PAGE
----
First Circuit Overturns Boston Marathon Bomber’s Death Sentence

BOSTON (CN) — The Boston Marathon bomber’s death sentence was overturned Friday by the First Circuit, which said several jurors in the case were biased and he was entitled to a new trial to determine whether he should be put to death.

The court also reversed three of Dzhokhar Tsarnaev’s convictions for carrying a firearm during a crime of violence.

But “just to be crystal clear,” U.S. Circuit Judge O. Rogeriee Thompson wrote for a three-judge panel, “Dzhokhar will remain confined to prison for the rest of his life, with the only question remaining being whether the government will end his life by executing him.”

Dzhokhar Tsarnaev carried out the Boston Marathon bombing in April 2013. (Photo credit: FBI)

While most of the ruling was unanimous, the court split 2-1 that it was fair to have tried Dzhokhar in Boston, the city where he and his brother, Tamerlan, set off two bombs at the finish line of the marathon in April 2013 that killed three people and injured more than 260 others.

Tamarlan died in a gunfight with police a few days after the attack, which Thompson described as “ghastly.” Dzhokhar was later found hiding and was arrested.

At his trial, Dzhokhar admitted guilt in the bombing but claimed that his brother was the mastermind and intimidated him into going along with it. The jury nevertheless voted for the death penalty.

“Radical jihadists bent on killing Americans, the duo caused battlefield-like carnage,” Thompson wrote, conveying that she understood the city’s anger at the attack even as she spared its perpetrator’s life.

In fact, the 224-page ruling read in parts more like emotional storytelling than a typical appellate decision. “Now brace yourself,” Thompson, an Obama appointee, wrote before describing some of the victims’ injuries in detail.

“Locals quickly adopted the ‘Boston Strong’ slogan to convey a message of courage and resilience,” she later said. “And the Boston Strong movement remains vibrant to this very day.”

However, Dzhokhar didn’t get a fair trial as to the death penalty, Thompson said, because two jurors lied when they told the judge they hadn’t posted on social media regarding the bombing or the trial.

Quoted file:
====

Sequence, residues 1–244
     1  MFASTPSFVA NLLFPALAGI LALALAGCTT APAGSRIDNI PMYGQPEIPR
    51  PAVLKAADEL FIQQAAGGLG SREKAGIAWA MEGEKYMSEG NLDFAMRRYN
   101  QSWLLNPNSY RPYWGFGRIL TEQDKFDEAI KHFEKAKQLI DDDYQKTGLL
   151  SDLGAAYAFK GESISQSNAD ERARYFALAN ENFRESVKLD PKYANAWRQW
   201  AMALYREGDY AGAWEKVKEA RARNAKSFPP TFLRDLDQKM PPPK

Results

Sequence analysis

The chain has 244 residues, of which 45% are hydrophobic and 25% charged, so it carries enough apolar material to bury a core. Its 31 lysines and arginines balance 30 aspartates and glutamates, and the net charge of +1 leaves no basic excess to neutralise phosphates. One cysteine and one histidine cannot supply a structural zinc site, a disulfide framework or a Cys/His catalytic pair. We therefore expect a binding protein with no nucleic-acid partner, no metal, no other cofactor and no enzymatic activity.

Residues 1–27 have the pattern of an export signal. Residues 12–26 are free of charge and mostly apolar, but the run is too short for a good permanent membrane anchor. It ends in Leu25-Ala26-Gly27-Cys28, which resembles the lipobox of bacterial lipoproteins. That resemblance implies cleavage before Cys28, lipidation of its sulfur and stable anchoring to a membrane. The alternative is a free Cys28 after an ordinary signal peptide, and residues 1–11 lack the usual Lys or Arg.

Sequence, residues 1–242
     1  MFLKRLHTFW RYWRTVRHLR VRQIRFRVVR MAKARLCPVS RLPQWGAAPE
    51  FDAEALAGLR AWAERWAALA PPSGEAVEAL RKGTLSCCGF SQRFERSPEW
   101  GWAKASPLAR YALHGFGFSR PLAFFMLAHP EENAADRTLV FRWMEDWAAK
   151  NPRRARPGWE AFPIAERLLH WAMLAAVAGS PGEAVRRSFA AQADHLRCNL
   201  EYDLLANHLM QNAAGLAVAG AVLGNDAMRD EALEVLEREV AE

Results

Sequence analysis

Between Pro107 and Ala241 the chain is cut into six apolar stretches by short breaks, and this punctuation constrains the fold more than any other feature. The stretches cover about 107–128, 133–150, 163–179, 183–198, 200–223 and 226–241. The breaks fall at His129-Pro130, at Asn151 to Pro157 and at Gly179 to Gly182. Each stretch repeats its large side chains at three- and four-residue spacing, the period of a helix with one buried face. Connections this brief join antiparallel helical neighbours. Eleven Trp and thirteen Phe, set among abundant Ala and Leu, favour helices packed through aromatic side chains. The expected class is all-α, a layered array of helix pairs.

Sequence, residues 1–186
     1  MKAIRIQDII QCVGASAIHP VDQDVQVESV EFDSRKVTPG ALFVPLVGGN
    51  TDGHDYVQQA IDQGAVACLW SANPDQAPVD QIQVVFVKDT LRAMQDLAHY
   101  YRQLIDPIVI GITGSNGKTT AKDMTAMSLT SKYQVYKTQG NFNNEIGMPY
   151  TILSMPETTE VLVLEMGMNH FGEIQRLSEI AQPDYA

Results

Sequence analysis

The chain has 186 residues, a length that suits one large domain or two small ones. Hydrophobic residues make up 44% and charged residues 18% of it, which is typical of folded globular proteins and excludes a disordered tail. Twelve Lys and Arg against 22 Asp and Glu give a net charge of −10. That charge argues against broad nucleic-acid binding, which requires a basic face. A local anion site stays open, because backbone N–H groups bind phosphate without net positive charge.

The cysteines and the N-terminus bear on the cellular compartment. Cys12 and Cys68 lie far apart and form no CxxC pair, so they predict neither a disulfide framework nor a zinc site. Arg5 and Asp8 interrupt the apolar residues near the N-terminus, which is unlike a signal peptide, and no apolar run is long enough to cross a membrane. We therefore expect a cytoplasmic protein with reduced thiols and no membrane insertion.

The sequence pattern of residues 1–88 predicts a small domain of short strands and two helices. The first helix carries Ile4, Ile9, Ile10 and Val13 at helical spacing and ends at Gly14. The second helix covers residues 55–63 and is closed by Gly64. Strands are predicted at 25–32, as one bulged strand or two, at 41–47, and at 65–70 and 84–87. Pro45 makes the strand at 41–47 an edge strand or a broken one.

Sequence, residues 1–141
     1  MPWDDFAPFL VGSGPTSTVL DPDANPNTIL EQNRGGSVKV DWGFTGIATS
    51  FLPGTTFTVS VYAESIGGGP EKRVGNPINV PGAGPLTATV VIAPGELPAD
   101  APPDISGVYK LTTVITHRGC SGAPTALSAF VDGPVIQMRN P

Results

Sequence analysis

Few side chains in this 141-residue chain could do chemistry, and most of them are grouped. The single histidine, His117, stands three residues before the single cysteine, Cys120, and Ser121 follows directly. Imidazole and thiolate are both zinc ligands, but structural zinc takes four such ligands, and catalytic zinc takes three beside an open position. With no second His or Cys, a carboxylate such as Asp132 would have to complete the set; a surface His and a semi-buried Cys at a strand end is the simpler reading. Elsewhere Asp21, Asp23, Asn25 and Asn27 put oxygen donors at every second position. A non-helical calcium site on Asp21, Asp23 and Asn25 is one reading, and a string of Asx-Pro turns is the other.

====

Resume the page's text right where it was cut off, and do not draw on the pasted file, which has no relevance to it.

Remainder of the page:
Evidence later showed that after Dzhokhar’s capture, one juror had retweeted a post that said, “Told y’all. Welcome To Boston The City Of CHAMPS! We get our shit DONE! #BostonStrong.”

She also retweeted a post that said, “Congratulations to all of the law enforcement professionals who worked so hard and went through hell to bring in that piece of garbage.”

The other juror had posted on Facebook about being called for jury duty in the case, to which a friend responded, “Play the part so u get on the jury then send him to jail where he will be taken care of.”

This unfairly tainted the massive jury selection process, which involved 1,373 potential jurors and lasted 21 days, Thompson said.

The court ordered a new trial on the death penalty, which will take place in Boston. Thompson said it was fair to try Dzhokhar in Boston the first time because polling showed that even in the city only about a third of people favored the death penalty prior to the trial, and polling in other cities wasn’t much different.

The court also noted that while there was massive pretrial publicity about the case, virtually all of it was accurate and simply reported facts that Dzhokhar later admitted in court.

But U.S. Circuit Judge Juan Torruella, a Reagan appointee, disagreed and said there was no way Dzhokhar could get a fair trial in Boston given all the publicity and emotional feelings about the incident, which caused then-Governor Deval Patrick to order almost a million citizens to shelter in place for an entire day.

“If this case did not present a sufficient basis for a change of venue, there is no set of circumstances that will meet this standard,” he wrote in an opinion concurring in part.

Torruella also noted the civic pride behind the “Boston Strong” slogan and commented that sometimes, “pride begets prejudice.”

Dzhokhar’s attorney, Daniel Habib of the Federal Defenders of New York, suggested that the government might decide not to ask for the death penalty a second time.

“It is now up to the government to determine whether to put the victims and Boston through a second trial, or to allow closure to this terrible tragedy by permitting a sentence of life without the possibility of release,” Habib said.

Judge William Kayatta, an Obama appointee, was also on the panel.

Dzhokar is currently in a high-security supermax prison in Florence, Colorado.

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